Combustible Celluloid
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With: Jenna Kanell, Samantha Scaffidi, David Howard Thornton, Catherine Corcoran, Pooya Mohseni, Matt McAllister, Katie Maguire, Gino Cafarelli
Written by: Damien Leone
Directed by: Damien Leone
MPAA Rating: NR
Running Time: 82
Date: 03/15/2018

Terrifier (2018)

2 Stars (out of 4)

Clown-Bagging It

By Jeffrey M. Anderson

An attempt to pay homage to VHS slasher movies of the 1980s, this horror pic has a truly unsettling killer, and other fun elements, but it finally goes a little too far with its cruelty toward women.

In Terrifier, Dawn (Catherine Corcoran) and Tara (Jenna Kanell) are finishing up a night on the town, when they realize that they are both too tipsy to drive. Tara suggests getting a slice of pizza while they sober up. A scary, unspeaking clown (David Howard Thornton) in a black-and-white outfit wanders into the pizza parlor and begins staring at Tara. After they leave, the clown brutally murders all the employees in the restaurant.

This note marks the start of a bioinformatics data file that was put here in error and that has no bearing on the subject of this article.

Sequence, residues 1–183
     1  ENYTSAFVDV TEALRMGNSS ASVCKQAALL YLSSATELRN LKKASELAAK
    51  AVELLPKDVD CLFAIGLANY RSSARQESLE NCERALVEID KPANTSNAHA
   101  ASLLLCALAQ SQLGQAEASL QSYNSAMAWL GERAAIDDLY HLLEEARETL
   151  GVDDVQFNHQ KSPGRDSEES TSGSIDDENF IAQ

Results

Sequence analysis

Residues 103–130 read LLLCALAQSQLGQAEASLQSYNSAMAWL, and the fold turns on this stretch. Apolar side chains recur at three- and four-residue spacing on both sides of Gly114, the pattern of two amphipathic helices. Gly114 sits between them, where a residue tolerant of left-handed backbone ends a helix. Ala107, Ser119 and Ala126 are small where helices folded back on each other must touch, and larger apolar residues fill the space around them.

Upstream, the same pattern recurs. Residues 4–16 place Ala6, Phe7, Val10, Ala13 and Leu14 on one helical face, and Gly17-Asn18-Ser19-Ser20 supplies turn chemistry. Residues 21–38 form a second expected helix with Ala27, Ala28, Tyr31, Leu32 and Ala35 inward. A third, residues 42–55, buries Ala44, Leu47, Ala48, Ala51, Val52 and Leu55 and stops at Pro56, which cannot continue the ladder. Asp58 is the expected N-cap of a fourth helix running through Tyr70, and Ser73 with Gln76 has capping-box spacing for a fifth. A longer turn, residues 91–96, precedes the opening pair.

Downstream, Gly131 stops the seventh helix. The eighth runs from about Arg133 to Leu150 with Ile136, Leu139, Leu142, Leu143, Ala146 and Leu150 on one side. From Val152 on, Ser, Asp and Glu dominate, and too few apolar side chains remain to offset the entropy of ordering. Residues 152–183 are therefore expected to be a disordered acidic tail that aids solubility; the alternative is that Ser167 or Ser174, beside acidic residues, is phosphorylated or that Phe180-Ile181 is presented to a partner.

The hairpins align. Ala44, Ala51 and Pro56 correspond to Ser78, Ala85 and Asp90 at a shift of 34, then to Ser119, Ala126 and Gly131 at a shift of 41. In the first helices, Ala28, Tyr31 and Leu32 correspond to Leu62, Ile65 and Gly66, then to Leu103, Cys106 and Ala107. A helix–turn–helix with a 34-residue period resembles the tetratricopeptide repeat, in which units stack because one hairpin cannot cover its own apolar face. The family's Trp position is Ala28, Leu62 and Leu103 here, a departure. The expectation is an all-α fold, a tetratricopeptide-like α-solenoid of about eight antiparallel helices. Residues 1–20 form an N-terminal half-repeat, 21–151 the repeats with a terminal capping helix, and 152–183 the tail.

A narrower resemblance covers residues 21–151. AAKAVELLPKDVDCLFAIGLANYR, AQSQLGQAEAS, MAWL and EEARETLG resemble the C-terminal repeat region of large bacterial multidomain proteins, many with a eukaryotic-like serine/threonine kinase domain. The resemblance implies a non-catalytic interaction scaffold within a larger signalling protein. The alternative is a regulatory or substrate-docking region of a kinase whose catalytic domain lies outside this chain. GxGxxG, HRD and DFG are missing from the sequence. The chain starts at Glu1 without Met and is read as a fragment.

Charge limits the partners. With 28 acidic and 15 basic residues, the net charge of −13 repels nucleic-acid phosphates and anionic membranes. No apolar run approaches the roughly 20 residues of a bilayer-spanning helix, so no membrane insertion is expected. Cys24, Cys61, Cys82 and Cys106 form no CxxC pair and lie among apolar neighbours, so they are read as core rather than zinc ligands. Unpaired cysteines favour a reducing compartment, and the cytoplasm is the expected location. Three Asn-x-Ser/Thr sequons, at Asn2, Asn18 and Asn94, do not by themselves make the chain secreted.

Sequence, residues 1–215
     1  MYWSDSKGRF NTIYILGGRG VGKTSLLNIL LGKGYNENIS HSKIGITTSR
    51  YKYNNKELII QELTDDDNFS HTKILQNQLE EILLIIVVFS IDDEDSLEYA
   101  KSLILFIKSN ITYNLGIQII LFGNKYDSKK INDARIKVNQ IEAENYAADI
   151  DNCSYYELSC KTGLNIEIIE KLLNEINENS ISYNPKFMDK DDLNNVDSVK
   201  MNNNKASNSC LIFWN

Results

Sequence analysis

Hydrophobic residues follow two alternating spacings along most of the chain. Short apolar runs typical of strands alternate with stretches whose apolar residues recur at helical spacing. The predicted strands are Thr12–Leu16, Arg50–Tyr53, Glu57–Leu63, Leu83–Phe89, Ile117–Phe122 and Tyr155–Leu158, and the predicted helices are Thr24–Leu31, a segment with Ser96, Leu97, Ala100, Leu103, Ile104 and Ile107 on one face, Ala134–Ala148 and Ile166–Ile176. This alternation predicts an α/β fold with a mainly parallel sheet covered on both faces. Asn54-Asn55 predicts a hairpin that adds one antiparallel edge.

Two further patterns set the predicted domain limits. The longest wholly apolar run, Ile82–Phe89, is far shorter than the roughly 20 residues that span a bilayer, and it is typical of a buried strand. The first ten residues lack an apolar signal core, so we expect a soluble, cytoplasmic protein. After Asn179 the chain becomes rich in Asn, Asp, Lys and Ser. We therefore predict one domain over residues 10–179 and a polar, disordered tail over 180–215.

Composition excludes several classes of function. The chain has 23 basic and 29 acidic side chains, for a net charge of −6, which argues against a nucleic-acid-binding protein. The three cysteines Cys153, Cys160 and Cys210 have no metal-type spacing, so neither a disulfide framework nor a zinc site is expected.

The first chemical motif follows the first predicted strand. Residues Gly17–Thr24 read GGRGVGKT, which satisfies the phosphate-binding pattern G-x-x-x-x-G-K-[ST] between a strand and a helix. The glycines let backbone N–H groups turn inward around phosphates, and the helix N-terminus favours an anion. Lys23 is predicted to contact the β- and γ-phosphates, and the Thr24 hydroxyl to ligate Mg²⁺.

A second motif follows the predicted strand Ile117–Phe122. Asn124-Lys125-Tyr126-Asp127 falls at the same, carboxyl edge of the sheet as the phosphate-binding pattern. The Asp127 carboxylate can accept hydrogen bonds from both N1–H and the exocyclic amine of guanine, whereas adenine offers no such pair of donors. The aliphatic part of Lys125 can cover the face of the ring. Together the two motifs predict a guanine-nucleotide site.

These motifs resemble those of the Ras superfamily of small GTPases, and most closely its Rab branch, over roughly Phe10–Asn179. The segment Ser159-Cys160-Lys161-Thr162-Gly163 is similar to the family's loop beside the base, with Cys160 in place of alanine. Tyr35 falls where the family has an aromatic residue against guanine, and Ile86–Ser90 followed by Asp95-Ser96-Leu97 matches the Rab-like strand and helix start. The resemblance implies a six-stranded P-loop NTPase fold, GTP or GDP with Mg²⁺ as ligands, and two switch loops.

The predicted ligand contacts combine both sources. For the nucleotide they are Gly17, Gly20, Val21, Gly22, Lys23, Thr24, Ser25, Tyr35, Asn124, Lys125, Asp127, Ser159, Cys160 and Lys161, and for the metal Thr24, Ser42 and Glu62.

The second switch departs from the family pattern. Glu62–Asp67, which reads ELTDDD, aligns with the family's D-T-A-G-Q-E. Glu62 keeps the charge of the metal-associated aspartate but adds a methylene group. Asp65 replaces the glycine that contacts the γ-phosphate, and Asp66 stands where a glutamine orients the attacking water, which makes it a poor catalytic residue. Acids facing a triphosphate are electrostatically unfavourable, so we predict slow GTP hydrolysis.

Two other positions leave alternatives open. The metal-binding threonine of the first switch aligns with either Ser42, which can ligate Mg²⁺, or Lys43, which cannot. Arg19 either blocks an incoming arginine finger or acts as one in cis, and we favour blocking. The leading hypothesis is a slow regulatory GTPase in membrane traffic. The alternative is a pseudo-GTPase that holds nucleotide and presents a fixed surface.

When Dawn and Tara get back to their car, they find the tires slashed. Tara phones her sister Victoria (Samantha Scaffidi) for a pick-up, and then goes into a nearby creepy building to use the restroom. Unfortunately, the clown is not yet through with them, and it's going to be a long night.

Written and directed by Damien Leone, Terrifier is well-cast, from the freaky-looking Art the Clown — with his strange, sneering black smile — to the exterminator who initially looks creepy, but turns out to be good. Tara is especially likable, a traditional horror heroine, who seems to have been made up to resemble Neve Campbell's Sidney Prescott in Scream. (Additionally, we hear a radio ad for "Craven's Halloween Store.")

However, perhaps in an effort to avoid the traditional formulas of all those 1980s movies, Leone sends his storyline flying all over the place. There's no real hero (or "final girl") to root for. The viciousness of the attacks and torture of the women characters seems a little outsized and excessive for what seems to be an homage.

Perhaps worse, a cruel prologue sequence offers heavy-handed foreshadowing to the movie's rather hopeless ending. If only Terrifier had found a better balance of characters, and perhaps a measure of hope, which would have added more suspense, it might have stood near the movies that inspired it.

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